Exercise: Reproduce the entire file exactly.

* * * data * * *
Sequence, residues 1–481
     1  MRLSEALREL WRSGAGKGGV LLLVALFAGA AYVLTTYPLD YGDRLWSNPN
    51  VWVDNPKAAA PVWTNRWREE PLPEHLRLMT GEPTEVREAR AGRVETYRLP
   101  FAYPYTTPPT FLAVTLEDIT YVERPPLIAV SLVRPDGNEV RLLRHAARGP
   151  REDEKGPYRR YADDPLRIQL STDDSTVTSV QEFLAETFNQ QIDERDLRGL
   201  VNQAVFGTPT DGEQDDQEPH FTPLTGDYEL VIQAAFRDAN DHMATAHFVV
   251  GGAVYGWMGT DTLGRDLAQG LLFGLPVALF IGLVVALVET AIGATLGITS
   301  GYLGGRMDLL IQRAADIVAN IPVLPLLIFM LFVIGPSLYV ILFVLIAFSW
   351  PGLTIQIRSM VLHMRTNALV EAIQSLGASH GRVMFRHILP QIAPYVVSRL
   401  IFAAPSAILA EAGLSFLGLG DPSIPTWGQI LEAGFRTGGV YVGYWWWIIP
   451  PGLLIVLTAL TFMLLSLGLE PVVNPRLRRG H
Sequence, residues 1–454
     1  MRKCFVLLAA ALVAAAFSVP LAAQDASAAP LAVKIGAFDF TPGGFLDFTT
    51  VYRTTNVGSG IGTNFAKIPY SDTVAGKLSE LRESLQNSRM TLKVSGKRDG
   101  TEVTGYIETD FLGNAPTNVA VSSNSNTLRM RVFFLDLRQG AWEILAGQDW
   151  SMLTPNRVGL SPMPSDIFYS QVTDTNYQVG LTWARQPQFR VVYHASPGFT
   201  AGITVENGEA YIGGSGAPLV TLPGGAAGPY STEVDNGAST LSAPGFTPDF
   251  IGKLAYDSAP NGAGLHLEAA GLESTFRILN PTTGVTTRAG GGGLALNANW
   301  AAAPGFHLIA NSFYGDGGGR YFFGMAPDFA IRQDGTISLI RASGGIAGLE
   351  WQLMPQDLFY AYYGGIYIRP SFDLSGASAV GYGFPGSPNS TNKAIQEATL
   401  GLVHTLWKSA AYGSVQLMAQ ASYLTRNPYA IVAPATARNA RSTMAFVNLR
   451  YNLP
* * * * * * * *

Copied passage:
Sequence, residues 1–481
     1  MRLSEALREL WRSGAGKGGV LLLVALFAGA AYVLTTYPLD YGDRLWSNPN
    51  VWVDNPKAAA PVWTNRWREE PLPEHLRLMT GEPTEVREAR AGRVETYRLP
   101  FAYPYTTPPT FLAVTLEDIT YVERPPLIAV SLVRPDGNEV RLLRHAARGP
   151  REDEKGPYRR YADDPLRIQL STDDSTVTSV QEFLAETFNQ QIDERDLRGL
   201  VNQAVFGTPT DGEQDDQEPH FTPLTGDYEL VIQAAFRDAN DHMATAHFVV
   251  GGAVYGWMGT DTLGRDLAQG LLFGLPVALF IGLVVALVET AIGATLGITS
   301  GYLGGRMDLL IQRAADIVAN IPVLPLLIFM LFVIGPSLYV ILFVLIAFSW
   351  PGLTIQIRSM VLHMRTNALV EAIQSLGASH GRVMFRHILP QIAPYVVSRL
   401  IFAAPSAILA EAGLSFLGLG DPSIPTWGQI LEAGFRTGGV YVGYWWWIIP
   451  PGLLIVLTAL TFMLLSLGLE PVVNPRLRRG H
Sequence, residues 1–454
     1  MRKCFVLLAA ALVAAAFSVP LAAQDASAAP LAVKIGAFDF TPGGFLDFTT
    51  VYRTTNVGSG IGTNFAKIPY SDTVAGKLSE LRESLQNSRM TLKVSGKRDG
   101  TEVTGYIETD FLGNAPTNVA VSSNSNTLRM RVFFLDLRQG AWEILAGQDW
   151  SMLTPNRVGL SPMPSDIFYS QVTDTNYQVG LTWARQPQFR VVYHASPGFT
   201  AGITVENGEA YIGGSGAPLV TLPGGAAGPY STEVDNGAST LSAPGFTPDF
   251  IGKLAYDSAP NGAGLHLEAA GLESTFRILN PTTGVTTRAG GGGLALNANW
   301  AAAPGFHLIA NSFYGDGGGR YFFGMAPDFA IRQDGTISLI RASGGIAGLE
   351  WQLMPQDLFY AYYGGIYIRP SFDLSGASAV GYGFPGSPNS TNKAIQEATL
   401  GLVHTLWKSA AYGSVQLMAQ ASYLTRNPYA IVAPATARNA RSTMAFVNLR
   451  YNLP